For some time, the Institute for Truth in Accounting has been beating the drum of “accounting truth” in government finances. Recently USA Today picked up on their claim that true federal deficits and debt are several times larger than the official numbers. They ran the numbers and found that “the government ran red ink last year equal to $42,054 per household — nearly four times the official number reported under unique rules set by Congress.” In addition, “Federal debt and retiree commitments equal $561,254 per household. By contrast, an average household owes a combined $116,057 for mortgages, car loans and other debts.”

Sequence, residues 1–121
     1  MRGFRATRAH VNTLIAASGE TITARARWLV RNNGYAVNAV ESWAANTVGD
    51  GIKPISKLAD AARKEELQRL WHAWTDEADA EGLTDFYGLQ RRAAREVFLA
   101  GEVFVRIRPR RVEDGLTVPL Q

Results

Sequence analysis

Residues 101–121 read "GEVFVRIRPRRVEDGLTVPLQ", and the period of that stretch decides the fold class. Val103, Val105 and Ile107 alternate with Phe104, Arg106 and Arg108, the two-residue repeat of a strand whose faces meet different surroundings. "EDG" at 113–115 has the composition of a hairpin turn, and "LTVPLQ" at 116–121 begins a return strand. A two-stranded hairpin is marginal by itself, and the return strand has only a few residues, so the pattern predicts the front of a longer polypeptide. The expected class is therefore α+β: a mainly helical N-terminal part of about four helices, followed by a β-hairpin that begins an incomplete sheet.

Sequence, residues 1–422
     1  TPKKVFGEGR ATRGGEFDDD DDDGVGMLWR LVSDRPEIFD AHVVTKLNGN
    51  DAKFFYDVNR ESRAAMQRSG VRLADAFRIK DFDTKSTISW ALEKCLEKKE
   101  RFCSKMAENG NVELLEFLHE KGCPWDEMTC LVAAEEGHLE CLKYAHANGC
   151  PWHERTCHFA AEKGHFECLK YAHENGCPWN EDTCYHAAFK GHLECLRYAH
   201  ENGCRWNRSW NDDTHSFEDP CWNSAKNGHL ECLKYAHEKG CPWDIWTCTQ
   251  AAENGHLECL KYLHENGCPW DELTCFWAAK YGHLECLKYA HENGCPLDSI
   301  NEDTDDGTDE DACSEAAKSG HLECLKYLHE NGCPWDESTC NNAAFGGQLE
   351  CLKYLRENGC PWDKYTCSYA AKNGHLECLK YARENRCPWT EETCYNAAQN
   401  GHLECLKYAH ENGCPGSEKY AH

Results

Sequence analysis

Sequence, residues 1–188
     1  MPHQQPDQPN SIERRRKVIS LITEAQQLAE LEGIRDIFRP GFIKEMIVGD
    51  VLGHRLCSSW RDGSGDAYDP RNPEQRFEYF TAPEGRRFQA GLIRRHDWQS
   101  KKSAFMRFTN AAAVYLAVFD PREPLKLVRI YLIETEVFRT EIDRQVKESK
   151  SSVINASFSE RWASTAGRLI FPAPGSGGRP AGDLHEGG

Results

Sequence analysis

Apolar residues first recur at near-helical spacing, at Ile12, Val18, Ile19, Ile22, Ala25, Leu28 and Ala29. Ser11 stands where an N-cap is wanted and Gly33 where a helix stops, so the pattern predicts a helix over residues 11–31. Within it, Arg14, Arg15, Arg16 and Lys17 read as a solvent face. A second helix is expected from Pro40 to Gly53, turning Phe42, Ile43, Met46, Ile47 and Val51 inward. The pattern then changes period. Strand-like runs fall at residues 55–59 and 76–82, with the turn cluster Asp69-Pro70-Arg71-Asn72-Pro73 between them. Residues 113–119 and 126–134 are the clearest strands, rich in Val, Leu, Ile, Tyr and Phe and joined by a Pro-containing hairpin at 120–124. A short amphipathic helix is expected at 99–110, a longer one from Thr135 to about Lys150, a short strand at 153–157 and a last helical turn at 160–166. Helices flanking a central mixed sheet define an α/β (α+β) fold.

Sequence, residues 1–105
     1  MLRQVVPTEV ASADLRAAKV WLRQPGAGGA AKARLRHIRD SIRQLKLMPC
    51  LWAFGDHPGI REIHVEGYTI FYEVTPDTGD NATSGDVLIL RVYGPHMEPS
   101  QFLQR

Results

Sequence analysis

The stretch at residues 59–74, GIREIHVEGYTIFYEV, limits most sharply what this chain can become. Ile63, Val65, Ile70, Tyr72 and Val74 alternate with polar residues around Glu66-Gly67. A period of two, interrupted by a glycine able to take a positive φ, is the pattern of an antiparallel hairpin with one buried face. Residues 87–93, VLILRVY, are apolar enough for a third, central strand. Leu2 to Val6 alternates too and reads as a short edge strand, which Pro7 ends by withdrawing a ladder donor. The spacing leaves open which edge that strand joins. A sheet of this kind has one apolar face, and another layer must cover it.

The reason for the difference between these numbers and the official ones is that the official numbers exclude the cost of promised retirement benefits: Social Security and Medicare. From the story: “Jim Horney, a former Senate budget staff expert now at the liberal Center on Budget and Policy Priorities, says retirement programs should not count as part of the deficit because, unlike a business, Congress can change what it owes by cutting benefits or lifting taxes.”
Yes, but will they? It seems to me that the “real” set of numbers is some weighted average of the official and full numbers, where the weight is the probability that Congress will act to reform retirement entitlements before they drag the official deficit even further into the red. Medicare is already losing money.